No matter what your running style- or even if you’re not a runner- Lauren, Colby, Stacy and Lisa agree that there’s a place for you at the April 16 bRUNch 5K. Families are welcome to bring their kids for a 1K fun walk around Turner Park and if you’re not up for racing, you can purchase a ticket to the after-run brunch. Registration information is now available on jlomaha.org. We can’t wait to see you there!
Junior League members working in the Hospitality Shop at Children’s Memorial Hospital. The League founded the shop in 1948, giving all proceeds to the hospital. In 1956, they turned the shop over to the Friends of Children’s Hospital Guild.
In 1933 the Junior League took over the Children’s Theater from the Omaha Community Playhouse and annually produced a play with League members in the cast. From left, children Courtney Campbell, Denman Kountze, Jr. and Sally Rullman admire Junior League members Kathryn Tukey as the cat and Josephine Coad as the owl in the April 1936 play “The Owl and the Pussy Cat” performed at the Omaha Community Playhouse.
From left Ann Wachter, Katie Best, Mary Pat Kleyla and Betty Coad were among the provisional Junior League members planning a “Giant Jumble” project in February 1955. Their hope was to procure more than $1,000 worth of new and used merchandise for the leagues’s Jumble Shop. The Junior League assumed operation of the Jumble Shop from the Nebraska Society of Colonial Dames in 1947 and continued to operate the shop at 3038 North 90th Street until 2008.
Done-In-A-Day is a former Junior League of Omaha project that is being reborn this year. The goal of this new project is to get in touch with organizations that JLO has worked with in its storied history, exposing members to these organizations, and getting project shifts done in a day! This mission is two-fold. First, it reconnects JLO with partners from the League’s past to celebrate the League’s contributions to the Omaha community as JLO approaches its 100th Anniversary in 2019. Second, it allows members to interact and learn more about these great organizations while performing community service. This year, Done-In-A-Day has scheduled project shifts with the Visiting Nurses Association, Rainbow House with Children’s Hospital, the Omaha Symphony, Fontenelle Forest, the Rose Theater, and more.
Done-In-A-Day Chair Joey Gaines is the member responsible for bringing this great project back to the League. As a first year active, I am blown away by Joey’s dedication to JLO, initiative to rejuvenate a past project, and sheer excitement about the whole thing. I decided the best way to introduce this great project was to speak to the project’s fearless leader herself. Continue reading “Connecting the Community – Done-In-A-Day is Back”→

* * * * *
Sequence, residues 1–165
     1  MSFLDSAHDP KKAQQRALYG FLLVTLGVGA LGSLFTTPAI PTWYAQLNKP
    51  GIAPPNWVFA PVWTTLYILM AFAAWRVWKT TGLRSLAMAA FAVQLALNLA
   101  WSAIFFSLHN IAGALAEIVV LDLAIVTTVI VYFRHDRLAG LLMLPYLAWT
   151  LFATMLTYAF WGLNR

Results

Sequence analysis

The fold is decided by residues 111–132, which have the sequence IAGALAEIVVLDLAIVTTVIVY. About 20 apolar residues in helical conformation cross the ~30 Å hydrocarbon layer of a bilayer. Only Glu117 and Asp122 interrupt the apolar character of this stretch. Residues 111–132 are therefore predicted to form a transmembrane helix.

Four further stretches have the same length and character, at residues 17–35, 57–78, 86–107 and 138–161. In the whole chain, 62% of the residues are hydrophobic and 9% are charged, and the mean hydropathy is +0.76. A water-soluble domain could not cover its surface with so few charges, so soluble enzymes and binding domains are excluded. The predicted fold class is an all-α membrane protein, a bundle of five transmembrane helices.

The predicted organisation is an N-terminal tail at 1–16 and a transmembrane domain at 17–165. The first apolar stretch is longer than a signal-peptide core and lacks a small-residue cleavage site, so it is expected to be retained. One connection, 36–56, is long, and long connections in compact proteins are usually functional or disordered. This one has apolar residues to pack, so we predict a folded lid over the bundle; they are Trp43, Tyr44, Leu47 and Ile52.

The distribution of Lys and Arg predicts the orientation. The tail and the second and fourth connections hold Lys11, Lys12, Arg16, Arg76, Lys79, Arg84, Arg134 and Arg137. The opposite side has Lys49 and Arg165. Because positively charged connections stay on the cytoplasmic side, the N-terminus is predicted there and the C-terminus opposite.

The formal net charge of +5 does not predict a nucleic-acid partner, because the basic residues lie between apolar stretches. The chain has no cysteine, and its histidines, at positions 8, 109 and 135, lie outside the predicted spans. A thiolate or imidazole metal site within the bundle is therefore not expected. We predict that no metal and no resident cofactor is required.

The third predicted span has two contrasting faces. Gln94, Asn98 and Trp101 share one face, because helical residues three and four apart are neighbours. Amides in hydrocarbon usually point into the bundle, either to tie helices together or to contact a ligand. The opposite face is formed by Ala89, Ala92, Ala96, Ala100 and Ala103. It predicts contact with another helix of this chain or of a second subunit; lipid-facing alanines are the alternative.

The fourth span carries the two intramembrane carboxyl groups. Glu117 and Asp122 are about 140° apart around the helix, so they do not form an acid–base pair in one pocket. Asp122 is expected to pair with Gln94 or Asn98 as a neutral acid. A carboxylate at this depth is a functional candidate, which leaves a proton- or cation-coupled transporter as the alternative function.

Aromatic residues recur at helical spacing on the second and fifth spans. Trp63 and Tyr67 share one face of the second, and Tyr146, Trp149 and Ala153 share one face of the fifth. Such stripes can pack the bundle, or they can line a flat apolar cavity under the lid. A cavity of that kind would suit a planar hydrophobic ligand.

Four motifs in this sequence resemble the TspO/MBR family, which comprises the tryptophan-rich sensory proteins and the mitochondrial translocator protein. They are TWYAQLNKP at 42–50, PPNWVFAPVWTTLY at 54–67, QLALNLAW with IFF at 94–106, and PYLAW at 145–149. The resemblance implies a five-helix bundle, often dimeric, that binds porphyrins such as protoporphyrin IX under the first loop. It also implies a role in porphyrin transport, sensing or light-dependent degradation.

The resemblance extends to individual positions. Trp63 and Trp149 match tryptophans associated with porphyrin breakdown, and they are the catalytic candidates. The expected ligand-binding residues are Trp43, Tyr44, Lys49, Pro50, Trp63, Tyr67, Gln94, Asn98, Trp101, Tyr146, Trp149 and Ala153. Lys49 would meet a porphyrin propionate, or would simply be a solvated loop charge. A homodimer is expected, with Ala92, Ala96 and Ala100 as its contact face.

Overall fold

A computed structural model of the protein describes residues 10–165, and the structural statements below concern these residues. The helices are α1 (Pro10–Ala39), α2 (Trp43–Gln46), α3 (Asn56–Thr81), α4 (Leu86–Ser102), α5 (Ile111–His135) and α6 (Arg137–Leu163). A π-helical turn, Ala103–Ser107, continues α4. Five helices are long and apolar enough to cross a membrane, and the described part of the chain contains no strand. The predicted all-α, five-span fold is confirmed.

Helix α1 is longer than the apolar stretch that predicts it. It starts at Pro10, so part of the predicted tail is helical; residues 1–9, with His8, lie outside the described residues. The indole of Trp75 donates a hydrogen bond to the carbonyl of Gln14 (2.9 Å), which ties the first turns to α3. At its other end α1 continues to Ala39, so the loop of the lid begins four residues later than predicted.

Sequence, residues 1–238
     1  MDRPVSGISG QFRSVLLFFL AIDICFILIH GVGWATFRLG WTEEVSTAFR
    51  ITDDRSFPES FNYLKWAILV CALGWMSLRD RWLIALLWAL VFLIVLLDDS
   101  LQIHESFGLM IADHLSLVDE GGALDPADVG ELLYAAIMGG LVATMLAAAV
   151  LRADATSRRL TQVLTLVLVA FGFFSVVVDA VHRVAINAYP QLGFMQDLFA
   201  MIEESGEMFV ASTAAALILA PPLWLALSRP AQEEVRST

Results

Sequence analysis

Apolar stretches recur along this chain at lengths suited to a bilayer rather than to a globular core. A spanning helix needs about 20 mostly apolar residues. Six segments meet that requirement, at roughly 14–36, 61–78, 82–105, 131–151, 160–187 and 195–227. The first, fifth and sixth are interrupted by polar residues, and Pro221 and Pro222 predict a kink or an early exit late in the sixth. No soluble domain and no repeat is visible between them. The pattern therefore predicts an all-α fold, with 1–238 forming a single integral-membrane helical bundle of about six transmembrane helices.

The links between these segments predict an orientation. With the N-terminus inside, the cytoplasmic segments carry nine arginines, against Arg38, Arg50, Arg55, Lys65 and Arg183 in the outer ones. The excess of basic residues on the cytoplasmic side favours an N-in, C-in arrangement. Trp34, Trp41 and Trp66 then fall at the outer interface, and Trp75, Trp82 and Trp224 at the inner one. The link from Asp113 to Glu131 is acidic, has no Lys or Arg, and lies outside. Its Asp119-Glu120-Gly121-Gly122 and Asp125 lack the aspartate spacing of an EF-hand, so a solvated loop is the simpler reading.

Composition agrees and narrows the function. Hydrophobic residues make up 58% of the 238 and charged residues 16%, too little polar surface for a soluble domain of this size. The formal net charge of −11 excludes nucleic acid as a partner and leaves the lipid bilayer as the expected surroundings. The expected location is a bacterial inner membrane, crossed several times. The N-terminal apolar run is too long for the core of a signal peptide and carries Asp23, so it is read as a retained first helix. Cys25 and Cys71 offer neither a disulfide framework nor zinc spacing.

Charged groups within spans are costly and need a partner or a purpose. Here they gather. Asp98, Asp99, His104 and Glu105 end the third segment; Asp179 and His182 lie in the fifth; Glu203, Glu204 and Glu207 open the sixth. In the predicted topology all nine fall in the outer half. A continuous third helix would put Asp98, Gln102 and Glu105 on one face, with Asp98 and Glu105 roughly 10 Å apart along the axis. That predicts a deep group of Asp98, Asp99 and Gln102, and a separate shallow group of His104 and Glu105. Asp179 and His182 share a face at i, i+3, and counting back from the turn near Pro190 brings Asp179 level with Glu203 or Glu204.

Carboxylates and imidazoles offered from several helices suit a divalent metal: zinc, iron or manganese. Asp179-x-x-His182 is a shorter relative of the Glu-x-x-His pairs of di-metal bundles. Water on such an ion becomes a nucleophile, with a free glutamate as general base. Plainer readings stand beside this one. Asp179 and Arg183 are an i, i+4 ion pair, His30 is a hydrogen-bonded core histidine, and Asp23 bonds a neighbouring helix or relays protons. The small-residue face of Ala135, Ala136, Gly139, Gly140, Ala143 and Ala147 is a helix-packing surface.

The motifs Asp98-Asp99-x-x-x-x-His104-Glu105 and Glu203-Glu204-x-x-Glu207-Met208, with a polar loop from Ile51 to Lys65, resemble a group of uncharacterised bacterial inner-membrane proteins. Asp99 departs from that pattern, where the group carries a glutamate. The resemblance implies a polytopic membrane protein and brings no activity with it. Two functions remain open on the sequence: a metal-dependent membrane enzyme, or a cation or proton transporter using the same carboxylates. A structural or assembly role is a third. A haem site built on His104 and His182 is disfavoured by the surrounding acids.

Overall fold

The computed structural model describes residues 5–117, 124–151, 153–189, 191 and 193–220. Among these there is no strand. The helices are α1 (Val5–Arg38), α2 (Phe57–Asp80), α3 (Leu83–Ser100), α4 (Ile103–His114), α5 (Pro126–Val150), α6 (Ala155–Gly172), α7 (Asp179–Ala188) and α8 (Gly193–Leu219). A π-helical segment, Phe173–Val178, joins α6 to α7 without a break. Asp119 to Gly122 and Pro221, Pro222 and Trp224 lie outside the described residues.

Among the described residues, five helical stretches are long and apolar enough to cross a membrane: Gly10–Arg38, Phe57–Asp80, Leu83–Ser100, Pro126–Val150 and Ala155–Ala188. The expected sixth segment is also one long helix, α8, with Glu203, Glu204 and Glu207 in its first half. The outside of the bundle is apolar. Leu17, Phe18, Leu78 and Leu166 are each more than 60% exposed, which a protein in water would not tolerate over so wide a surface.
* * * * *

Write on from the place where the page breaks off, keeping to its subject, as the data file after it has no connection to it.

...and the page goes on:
Arthur Seeling, left, and Wesley Totten, both of New York, meet with Junior League members Mrs. H Malcom Baldrige, seated, and Mrs. Loring Elliott, standing to the left, and Mrs. Bernard Wickham, standing to the right, to discuss plans for the 1935 Follies at the Central High School Auditorium. Junior Leagues across the country partnered with Cargill Company to produce Follies-style shows in the 1920s and 30s to raise money.
The Cargill Company would send an advance team to Omaha to scout locations, audition League members and produce the show from their pool of choreographers and linguists. After tow weeks of intense rehearsal, the Junior League cast would put on the Follies. Revenue grew from netting a reported $3,000 in 1920 to around $17,000 in the final years.
I joined the league so that I could combine my love for making a difference in our community with a social aspect. The league allows you to make a difference with incredible women and form future leaders in our community all while having lots of fun together!
What was your favorite placement and why?
I loved being able to be a part of the infancy years of Project Hope Pack. There are so many passionate people involved in the committee and you get so much gratification knowing you are helping a child in a crisis situation. Our projects are truly amazing in JLO!